Tarot Runes I Ching Stichomancy Contact
Store Numerology Coin Flip Yes or No Webmasters
Personal Celebrity Biorhythms Bibliomancy Settings

Today's Stichomancy for Andy Warhol

The first excerpt represents the past or something you must release, and is drawn from Moll Flanders by Daniel Defoe:

which he was not willing to be.

I wondered much that I did not see him all the next day, it being the day before the time appointed for execution; and I was greatly discouraged, and dejected in my mind, and indeed almost sank for want of the comfort which he had so often, and with such success, yielded me on his former visits. I waited with great impatience, and under the greatest oppressions of spirits imaginable, till about four o'clock he came to my apartment; for I had obtained the favour, by the help of money, nothing being to be done in that place without it, not to be kept in the condemned hole, as they call it, among the rest of

Moll Flanders
The second excerpt represents the present or the deciding factor of the moment, and is drawn from Mistress Wilding by Rafael Sabatini:

Blake on that same score, but that in that moment Wilding spoke again.

"Reluctant to do what?" he questioned amiably, looking Westmacott so straightly between the eyes that the boy shifted uneasily on his high-backed chair.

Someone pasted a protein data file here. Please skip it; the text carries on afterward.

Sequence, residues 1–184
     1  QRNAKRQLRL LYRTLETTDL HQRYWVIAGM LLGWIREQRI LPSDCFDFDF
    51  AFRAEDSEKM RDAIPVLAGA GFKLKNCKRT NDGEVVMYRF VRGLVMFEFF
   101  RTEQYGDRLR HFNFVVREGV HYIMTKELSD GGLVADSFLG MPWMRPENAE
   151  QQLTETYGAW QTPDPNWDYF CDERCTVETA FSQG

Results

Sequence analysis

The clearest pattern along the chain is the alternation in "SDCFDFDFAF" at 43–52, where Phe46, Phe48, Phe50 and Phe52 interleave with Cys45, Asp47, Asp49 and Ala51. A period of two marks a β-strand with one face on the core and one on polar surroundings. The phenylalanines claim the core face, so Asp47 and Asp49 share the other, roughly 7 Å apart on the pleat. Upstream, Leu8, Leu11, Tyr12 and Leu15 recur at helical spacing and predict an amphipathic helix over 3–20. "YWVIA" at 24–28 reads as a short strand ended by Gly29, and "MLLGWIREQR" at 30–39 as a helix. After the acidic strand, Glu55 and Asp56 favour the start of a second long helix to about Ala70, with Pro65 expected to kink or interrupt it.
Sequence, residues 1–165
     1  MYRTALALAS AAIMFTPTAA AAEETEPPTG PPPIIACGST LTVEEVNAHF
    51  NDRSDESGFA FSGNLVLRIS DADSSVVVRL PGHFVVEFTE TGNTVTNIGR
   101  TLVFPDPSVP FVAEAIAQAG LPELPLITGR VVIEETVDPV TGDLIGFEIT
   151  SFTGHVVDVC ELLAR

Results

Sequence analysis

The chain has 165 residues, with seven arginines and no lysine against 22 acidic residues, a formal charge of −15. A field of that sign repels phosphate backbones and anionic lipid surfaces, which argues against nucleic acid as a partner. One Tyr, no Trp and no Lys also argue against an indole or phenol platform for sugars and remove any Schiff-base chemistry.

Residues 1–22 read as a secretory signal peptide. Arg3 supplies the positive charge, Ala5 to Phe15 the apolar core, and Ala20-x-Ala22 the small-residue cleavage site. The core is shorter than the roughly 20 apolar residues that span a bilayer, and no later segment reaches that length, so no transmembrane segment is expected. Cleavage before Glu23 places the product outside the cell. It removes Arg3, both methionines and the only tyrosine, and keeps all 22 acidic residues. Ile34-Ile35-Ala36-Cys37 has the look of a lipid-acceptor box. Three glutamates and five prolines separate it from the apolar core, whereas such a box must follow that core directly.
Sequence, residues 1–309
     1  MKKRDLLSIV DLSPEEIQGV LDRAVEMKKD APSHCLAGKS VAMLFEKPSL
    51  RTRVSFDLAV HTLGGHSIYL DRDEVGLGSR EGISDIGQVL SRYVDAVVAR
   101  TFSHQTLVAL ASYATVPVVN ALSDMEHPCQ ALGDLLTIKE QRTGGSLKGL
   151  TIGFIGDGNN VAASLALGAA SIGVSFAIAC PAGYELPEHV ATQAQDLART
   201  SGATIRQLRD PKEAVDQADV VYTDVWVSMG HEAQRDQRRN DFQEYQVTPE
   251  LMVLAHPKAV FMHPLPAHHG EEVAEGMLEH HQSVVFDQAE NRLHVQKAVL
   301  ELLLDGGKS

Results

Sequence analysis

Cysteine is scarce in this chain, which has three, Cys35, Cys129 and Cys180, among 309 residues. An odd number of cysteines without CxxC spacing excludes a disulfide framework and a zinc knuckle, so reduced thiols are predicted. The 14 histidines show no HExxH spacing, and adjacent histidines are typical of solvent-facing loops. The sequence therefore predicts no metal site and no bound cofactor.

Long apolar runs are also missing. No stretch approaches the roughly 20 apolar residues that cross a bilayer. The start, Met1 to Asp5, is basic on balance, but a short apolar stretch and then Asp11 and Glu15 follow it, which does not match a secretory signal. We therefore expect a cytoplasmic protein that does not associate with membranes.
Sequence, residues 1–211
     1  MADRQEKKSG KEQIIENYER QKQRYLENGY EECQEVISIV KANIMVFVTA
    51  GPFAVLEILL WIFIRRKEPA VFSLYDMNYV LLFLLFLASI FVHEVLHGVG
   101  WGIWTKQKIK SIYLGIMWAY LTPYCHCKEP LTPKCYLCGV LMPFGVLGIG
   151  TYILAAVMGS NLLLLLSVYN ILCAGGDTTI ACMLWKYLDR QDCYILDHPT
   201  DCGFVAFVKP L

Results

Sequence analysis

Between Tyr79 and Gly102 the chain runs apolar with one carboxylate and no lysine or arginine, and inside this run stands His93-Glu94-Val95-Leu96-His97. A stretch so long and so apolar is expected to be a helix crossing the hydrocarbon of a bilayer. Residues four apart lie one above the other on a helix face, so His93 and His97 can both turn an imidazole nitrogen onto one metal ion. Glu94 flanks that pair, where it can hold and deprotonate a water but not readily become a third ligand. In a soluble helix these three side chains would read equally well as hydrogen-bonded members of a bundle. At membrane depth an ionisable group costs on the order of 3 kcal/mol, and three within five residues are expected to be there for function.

Nevertheless, still full of confidence in the unassailability of his position, the mad youth answered, "To cleanse yourself of what I threw at you."

"Fan me, ye winds!" gasped Nick Trenchard, and looked with expectancy at his friend Wilding.

Now there was one factor with which, in basing with such craven shrewdness his calculations upon Mr. Wilding's feelings for his sister,

The third excerpt represents the future or something you must embrace, and is drawn from Kwaidan by Lafcadio Hearn:

swim before me. Yet instinctively I fear that man;-- I almost hate him; and I feel myself flushing with anger and shame because of his power to move me thus...

"He made you cry," Robert compassionately observes, to my further confusion,-- as the harper strides away, richer by a gift of sixpence taken without thanks... "But I think he must be a gipsy. Gipsies are bad people -- and they are wizards... Let us go back to the wood."

We climb again to the pines, and there squat down upon the sun-flecked grass, and look over town and sea. But we do not play as before: the spell of the wizard is strong upon us both... "Perhaps he is a goblin," I venture at last, "or a fairy?" "No," says Robert,-- "only a gipsy. But that is